Elysium – Blu Ray review 3.5/5 stars
As I mentioned in some other post, I’ve finally gotten around to getting back into science fiction, and that meant that I finally got around to watching Elysium. Matt Damon stars as Max, a former car thief in a futuristic world who, after a radiation accident at work, finds he has only five days to live. There is however a cure for his condition, but that’s on the space station Elysium which orbits the planet Earth. In this future, the rich have left the wasted planet below for the poor, while they live in comfort on a giant wheeled space station. Only the rich are citizens of Elysium, and only the citizens have access to their advanced medical treatments. Approaching his old criminal friends, Max and Spider (Wagner Moura) develop a plan to steal passcodes and programs from Max’s former boss that will reboot the Elysium core and trick the computer into effectively making him a citizen to get the treatment he needs. The program they steal is downloaded and encrypted directly in Max’s brain, but when they do decode it, they find it could be used to make everyone on Earth a citizen too. After discovering that his childhood friend Frey (Alice Braga) has a daughter with leukemia that could also be cured on Elysium, Max sets off on his mission though he’s being hunted by Kruger (Sharlto Copley), a vicious covert agent sent by Defence Secretary Delacourt (Jodie Foster) to retrieve the information in Max’s brain by any means.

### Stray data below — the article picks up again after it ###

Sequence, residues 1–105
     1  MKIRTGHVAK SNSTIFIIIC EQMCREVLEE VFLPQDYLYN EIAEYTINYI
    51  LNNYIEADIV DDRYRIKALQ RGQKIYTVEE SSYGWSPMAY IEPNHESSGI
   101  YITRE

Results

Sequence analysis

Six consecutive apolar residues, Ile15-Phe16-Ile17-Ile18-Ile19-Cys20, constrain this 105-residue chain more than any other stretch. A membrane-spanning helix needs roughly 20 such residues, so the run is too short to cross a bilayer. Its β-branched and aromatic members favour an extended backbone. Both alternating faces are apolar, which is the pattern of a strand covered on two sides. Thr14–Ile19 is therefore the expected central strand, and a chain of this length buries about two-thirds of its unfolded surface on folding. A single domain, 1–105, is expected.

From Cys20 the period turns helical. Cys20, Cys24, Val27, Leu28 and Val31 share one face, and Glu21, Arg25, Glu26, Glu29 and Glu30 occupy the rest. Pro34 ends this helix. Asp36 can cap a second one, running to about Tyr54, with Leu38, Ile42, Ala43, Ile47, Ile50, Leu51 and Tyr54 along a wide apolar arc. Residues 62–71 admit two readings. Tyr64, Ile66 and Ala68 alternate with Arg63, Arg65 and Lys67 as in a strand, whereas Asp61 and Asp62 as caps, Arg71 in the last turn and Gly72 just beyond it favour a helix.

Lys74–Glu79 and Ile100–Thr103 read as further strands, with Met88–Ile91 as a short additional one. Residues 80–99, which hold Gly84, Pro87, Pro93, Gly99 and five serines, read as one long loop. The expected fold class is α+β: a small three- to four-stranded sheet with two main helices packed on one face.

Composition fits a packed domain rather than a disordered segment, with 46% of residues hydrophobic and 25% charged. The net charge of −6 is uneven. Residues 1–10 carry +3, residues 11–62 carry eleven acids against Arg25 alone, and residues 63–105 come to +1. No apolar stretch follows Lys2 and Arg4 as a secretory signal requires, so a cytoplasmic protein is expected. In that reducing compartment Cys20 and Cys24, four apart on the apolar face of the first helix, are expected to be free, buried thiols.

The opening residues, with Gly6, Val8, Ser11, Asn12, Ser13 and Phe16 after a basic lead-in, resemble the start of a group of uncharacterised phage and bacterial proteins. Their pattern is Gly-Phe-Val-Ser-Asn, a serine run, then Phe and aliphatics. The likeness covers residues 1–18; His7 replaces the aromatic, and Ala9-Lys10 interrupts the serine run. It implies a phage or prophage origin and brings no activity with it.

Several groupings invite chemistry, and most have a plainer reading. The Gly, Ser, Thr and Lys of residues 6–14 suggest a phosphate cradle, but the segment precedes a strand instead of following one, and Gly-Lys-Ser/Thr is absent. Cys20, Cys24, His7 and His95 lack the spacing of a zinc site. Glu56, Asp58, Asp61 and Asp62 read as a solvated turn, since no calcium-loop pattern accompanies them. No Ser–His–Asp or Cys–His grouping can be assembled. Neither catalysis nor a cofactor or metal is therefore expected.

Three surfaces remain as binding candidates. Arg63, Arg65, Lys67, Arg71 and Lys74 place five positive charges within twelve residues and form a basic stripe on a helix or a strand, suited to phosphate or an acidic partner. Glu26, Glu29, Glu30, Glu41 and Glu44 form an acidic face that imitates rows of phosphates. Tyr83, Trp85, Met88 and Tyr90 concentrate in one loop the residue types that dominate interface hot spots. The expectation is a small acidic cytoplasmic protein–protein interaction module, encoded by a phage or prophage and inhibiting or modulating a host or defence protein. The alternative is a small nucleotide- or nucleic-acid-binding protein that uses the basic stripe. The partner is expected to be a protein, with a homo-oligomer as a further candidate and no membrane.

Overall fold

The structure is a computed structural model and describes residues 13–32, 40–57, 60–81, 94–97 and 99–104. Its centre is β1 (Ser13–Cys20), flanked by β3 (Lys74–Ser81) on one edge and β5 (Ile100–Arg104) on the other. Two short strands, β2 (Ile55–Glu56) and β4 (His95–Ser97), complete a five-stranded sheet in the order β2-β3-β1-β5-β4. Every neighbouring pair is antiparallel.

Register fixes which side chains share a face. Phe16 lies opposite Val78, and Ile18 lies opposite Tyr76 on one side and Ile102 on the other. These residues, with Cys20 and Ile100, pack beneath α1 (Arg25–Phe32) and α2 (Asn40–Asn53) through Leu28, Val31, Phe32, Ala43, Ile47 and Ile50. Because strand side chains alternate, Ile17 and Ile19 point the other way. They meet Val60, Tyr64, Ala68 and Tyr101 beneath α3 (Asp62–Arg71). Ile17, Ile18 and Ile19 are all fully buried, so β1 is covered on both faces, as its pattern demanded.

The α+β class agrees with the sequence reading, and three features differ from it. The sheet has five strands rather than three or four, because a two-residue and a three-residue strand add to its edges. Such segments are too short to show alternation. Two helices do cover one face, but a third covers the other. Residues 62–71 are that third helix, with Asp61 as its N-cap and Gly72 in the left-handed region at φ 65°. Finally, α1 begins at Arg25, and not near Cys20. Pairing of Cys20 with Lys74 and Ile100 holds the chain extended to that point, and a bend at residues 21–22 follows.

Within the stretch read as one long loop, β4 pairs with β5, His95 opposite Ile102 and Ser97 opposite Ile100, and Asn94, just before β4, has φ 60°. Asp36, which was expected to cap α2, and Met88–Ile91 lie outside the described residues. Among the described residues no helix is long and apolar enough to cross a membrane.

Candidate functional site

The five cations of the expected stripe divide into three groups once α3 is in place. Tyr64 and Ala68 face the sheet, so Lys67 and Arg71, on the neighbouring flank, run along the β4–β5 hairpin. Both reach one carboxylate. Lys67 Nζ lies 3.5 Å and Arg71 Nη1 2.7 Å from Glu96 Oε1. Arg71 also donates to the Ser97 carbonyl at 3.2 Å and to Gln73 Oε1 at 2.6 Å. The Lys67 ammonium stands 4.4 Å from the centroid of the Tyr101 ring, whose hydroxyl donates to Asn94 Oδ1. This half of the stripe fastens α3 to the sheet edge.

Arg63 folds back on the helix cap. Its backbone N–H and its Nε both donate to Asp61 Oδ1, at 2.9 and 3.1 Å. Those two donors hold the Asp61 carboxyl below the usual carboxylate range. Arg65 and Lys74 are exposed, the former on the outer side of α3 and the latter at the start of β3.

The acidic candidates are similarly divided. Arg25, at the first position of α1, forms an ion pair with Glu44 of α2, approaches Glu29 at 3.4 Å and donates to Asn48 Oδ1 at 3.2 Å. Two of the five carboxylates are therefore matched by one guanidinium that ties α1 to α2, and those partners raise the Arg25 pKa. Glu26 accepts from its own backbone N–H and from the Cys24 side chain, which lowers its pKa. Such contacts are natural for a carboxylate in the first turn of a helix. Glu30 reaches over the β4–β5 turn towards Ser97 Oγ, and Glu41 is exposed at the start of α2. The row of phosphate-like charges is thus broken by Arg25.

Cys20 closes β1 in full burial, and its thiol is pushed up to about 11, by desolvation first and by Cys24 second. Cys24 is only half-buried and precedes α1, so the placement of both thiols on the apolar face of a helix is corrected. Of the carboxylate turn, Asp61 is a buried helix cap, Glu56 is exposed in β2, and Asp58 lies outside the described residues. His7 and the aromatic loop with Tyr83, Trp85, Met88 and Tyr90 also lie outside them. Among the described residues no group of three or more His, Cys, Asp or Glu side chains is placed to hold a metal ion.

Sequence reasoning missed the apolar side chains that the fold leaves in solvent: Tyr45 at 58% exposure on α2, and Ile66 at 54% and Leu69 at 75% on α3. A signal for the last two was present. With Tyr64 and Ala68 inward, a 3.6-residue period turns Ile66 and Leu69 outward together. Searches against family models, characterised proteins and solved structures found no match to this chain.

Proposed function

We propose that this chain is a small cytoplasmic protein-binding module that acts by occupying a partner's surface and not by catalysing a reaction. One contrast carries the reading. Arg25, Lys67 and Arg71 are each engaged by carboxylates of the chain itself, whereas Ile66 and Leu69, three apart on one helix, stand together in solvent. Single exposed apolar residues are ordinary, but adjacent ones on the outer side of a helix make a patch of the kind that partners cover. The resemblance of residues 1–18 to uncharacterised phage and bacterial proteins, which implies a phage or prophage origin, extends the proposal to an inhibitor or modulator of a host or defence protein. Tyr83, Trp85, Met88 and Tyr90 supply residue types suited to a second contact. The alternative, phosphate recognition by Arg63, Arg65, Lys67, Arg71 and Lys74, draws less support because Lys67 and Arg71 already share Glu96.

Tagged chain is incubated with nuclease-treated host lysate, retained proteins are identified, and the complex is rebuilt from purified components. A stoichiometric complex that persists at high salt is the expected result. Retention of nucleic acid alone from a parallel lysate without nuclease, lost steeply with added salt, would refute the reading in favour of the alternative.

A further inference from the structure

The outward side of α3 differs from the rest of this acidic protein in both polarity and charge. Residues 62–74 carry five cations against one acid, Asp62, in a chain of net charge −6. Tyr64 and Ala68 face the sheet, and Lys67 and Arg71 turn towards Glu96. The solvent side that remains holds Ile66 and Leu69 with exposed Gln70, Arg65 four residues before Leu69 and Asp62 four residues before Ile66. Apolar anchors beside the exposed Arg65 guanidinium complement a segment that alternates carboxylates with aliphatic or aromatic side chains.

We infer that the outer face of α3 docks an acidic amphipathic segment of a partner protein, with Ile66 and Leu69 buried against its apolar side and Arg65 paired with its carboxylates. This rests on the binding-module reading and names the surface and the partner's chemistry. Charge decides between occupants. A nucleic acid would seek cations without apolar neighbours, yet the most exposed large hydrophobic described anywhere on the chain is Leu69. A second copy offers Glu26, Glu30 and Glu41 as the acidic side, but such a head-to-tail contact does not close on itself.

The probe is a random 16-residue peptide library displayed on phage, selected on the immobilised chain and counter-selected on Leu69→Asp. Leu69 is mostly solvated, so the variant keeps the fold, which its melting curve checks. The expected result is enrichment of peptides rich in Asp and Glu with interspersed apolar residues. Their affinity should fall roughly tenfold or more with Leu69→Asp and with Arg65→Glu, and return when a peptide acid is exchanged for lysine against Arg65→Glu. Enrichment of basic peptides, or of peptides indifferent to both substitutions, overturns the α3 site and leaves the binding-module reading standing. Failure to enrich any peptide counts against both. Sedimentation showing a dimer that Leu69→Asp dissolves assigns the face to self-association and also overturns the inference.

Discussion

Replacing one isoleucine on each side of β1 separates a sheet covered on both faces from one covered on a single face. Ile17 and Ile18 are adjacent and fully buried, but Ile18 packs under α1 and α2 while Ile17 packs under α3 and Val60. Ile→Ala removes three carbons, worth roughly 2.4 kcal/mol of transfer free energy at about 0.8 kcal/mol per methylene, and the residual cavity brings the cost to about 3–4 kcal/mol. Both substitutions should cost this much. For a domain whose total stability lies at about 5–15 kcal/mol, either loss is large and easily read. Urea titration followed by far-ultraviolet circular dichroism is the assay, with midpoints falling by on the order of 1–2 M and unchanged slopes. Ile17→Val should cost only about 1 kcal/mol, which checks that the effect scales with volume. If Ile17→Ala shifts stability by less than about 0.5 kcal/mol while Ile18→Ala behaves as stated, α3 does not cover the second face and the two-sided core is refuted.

I thoroughly enjoyed Elysium, but the only thing keeping me from giving it 4 stars was Jodie Foster. I thought her acting was terrible in this one, I suppose it was not only her acting, but her voice. I get that the rich and powerful were on the station from all over the world, and that there would be languages such as French and Italian being used; I get that there would be accents on segments of the elite, but hers was awful! Her delivery was too staccato, and after hearing her in the bonus features, I wish she had just used her regular voice. This is the second picture from writer/director Neill Blomkamp (District 9) and it was another excellent effort. I wish he wouldn’t wait five years between films, but I suppose the quality of both his works so far can excuse that. Other than Foster’s acting I enjoyed everyone else; Damon delivered a quality performance as usual and it was pretty cool to see Sharlto Copley playing the “bad guy” after his role in District 9 (he was Wikus if you recall).
The story was well done, and the “future” seemed fairly plausible, both in technology and in mood. Elysium touched on a lot of social issues that are being experienced today, (though mostly in America) such as illegal immigration/border hopping, the separations between the classes, and even health care. Good science fiction stories have always had social issues mixed into them to some degree or another, and Elysium is no exception. Fortunately it doesn’t get too preachy about them, but just uses them as a background to tell a pretty good, action-packed story.
Bottom Line: Sci-fi is usually either dystopic or utopic, here we got both.